Questioning the reliability of a study supporting claims for Philosophy, Inc.’s “Time in a Bottle Age-Defying Serum,” the National Advertising Division recommended that the statements be discontinued.

Philosophy conducted an independent, blinded clinical study of its product. Based on the results, the advertiser claimed that “Women told us their skin looked 730 days younger, that’s 2 years on your side with our age-defying serum,” “82% showed improvement in signs of aging not yet visible on the surface after 4 weeks,” and “95% showed significant reduction in visible signs of aging after 8 weeks.”

The study was conducted over a six-month period in January through July of 2013 with subjects divided into three age groups (25 to 35, 36 to 45, and 46 to 55 years of age). Philosophy had subjects complete a self-assessment questionnaire at the two-month mark and conducted skin imaging analysis on a subset of the study’s participants.

Despite the advertiser’s position that the challenged claims were fully supported by the “robust and independent” clinical study, NAD identified several problems that led it to conclude that the claims were unsubstantiated.

The “Women told us” claim was based on the responses of the 46-55 age group to a fill-in-the-blank question asking “Skin appears ___ years younger.” While recognizing that self-assessment questionnaires are valid study tools to assess consumers’ subjective evaluation of a product, Philosophy’s version was flawed, the self-regulatory body said.

In addition to being an “inherently arbitrary” question and one of “multiple and similarly worded questions about each product attribute,” the advertiser featured it as question number 21 out of 53 in the questionnaire. The ASTM Standard Guide for Sensory Claim Substantiation advises that for single product tests, the key question should be positioned first, NAD explained, and “this question is not logically situated given the numerous anti-aging related questions that precede and follow it.”

As for the other claims, the decision found multiple problems inherent in the study. It failed to account for the two weather extremes from winter to spring to summer, and the excessive dryness and excessive moisture that results, and its skin imaging analysis relied on too small a subset of participants. Just 26 out of 117 subjects were analyzed and the subset – less than one quarter of the total subjects – was “insufficiently robust to constitute a representative sampling to support the challenged claims and visuals,” NAD said.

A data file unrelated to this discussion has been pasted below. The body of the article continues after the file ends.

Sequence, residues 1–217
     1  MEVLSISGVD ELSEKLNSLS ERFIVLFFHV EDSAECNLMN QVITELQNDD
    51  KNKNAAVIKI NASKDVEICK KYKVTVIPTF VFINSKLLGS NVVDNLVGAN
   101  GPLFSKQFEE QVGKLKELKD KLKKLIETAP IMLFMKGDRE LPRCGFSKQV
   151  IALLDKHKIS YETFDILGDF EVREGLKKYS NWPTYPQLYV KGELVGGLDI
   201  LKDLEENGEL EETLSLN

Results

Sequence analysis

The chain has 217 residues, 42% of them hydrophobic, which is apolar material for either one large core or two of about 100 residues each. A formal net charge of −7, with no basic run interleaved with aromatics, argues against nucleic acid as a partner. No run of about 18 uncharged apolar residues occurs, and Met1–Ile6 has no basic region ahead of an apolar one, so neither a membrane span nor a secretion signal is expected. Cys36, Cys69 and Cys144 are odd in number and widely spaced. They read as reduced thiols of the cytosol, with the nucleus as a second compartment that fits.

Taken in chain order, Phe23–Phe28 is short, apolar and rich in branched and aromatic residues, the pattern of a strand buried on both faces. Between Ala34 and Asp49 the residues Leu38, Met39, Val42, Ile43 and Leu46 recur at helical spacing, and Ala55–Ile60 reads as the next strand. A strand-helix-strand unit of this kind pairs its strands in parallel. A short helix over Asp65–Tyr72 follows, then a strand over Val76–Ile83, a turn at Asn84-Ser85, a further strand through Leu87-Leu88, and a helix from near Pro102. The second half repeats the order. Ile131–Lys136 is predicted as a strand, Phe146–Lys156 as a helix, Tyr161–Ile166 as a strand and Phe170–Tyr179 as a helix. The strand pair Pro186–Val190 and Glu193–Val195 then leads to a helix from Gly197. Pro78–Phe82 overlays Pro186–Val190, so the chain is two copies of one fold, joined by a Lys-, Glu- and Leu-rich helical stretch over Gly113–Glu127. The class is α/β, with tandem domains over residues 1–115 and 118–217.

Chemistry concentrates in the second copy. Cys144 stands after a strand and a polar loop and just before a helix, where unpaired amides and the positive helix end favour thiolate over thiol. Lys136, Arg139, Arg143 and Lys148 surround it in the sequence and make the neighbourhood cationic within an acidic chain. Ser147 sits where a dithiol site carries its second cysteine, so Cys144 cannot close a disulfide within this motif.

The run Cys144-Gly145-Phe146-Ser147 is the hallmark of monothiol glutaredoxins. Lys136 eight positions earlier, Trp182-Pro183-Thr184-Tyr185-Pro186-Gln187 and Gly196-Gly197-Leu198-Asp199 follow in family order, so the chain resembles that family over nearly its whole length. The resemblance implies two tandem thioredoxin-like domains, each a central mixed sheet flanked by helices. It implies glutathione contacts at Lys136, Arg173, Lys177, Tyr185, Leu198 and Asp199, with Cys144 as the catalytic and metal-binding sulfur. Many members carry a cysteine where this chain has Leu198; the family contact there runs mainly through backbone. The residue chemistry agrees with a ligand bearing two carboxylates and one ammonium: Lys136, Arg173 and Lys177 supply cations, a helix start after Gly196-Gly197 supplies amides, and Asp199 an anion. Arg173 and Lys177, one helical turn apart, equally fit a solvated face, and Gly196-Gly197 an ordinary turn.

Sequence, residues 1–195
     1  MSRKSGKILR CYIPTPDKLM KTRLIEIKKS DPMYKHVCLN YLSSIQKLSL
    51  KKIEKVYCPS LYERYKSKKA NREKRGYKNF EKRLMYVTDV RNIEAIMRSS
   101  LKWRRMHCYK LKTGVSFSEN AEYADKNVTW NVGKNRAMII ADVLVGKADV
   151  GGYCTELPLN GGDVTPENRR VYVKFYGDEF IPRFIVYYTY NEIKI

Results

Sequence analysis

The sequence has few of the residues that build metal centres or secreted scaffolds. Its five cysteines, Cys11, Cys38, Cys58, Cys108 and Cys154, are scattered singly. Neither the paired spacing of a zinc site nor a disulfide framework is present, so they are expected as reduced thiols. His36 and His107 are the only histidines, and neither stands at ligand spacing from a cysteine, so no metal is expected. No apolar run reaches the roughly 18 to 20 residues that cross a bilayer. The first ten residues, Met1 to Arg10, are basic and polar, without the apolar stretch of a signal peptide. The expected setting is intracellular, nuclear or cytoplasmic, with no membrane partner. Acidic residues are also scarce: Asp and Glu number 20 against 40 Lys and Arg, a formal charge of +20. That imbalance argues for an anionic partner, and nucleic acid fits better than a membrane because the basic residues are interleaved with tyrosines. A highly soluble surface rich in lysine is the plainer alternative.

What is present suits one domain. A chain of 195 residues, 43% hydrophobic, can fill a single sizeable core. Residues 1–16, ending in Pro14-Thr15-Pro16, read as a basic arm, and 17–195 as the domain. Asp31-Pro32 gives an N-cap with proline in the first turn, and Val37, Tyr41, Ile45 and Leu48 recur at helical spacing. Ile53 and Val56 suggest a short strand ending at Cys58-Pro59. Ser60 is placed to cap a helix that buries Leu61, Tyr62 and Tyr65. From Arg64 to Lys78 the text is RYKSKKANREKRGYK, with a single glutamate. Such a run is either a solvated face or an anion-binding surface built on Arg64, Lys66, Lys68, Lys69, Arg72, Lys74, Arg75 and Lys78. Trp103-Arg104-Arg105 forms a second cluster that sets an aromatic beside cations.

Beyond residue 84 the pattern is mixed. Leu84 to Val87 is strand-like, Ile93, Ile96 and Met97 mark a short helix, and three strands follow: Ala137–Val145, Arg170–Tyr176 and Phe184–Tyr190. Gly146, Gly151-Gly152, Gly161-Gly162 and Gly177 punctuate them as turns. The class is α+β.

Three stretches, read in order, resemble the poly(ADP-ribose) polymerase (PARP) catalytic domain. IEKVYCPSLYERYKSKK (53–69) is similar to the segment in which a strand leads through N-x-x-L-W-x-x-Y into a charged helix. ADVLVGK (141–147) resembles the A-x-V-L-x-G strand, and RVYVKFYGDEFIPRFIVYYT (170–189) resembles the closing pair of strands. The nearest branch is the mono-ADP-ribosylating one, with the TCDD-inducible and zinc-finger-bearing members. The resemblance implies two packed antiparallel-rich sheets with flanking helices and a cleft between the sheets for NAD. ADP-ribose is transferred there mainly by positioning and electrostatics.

Philosophy also failed to use trained graders to conduct the visual assessments, NAD found, noting that prior cases reviewing anti-aging claims involved visual grading of anti-aging parameters by clinicians. The actual improvements in the identified anti-aging parameters were far more modest than the claims suggest, the self-regulatory body added.

Considering all the shortcomings of the study, NAD recommended that all of the claims be discontinued.

The self-regulatory body also considered a testimonial from a study subject who said, “Lines have disappeared and … I go makeup free.” Referencing the Federal Trade Commission’s Guides for Endorsements and Testimonials, NAD again recommended discontinuation of the claim.

“Regardless of how heartfelt the testimonial of the user of the product, it is not a substitute for reliable product testing demonstrating that consumers who use the product as instructed will no longer have facial lines,” according to the decision. “NAD has already determined that the results of the [imaging analysis], which show a near elimination of lines, were unreliable because it was based on a very small subset of subjects. In addition, the advertiser failed to control for environmental factors, which could undermine the reliability of the study’s objective and subjective measurements.”

To read NAD’s press release about the decision, click here.

Why it matters: After reviewing Philosophy’s study, NAD concluded that there was not a “good fit” between the advertiser’s substantiation and the scope and nature of the claims at issue. Philosophy disagreed and indicated in the advertiser’s statement that it will appeal NAD’s findings with regard to the performance claims (not the testimonial). The advertiser said the study was “one of the most significant and extensive studies conducted in the cosmetics industry,” and that “[l]eft uncorrected, the NAD’s decision would result in confusing guidance for the cosmetic industry and disincentivize manufacturers from conducting similar comprehensive studies.”